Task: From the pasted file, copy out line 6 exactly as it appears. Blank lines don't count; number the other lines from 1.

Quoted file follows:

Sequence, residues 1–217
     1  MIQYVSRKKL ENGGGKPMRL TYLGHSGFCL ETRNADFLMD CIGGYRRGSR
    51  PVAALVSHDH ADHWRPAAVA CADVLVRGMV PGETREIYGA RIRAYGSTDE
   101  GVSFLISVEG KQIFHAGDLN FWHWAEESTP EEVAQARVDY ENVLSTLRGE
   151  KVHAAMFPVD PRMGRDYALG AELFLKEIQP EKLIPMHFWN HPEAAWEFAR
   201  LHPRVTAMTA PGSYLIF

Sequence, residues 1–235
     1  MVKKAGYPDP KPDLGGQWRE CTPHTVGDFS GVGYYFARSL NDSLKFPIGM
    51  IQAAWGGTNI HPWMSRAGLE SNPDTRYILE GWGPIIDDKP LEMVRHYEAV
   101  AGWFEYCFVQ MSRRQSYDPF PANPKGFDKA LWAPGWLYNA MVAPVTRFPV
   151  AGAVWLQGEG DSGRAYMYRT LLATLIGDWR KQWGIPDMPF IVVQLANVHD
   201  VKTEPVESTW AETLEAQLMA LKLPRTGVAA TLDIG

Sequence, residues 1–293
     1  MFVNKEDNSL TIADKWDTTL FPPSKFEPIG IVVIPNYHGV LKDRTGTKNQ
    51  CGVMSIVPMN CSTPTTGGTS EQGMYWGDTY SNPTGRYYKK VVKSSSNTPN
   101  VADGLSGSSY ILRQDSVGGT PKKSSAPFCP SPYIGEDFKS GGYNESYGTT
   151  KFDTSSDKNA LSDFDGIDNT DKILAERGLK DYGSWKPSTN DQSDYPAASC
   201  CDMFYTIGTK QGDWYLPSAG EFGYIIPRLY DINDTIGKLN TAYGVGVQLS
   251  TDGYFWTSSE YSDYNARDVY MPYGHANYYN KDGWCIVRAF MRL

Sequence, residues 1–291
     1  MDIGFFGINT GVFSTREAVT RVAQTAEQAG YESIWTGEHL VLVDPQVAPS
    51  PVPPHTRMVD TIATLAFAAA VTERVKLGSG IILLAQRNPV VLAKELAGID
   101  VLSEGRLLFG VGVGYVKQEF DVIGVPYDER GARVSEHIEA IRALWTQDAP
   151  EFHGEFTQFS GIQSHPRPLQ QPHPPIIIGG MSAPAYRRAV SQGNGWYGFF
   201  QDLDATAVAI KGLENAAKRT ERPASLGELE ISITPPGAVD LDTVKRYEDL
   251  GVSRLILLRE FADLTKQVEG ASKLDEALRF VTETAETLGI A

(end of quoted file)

   201  LHPRVTAMTA PGSYLIF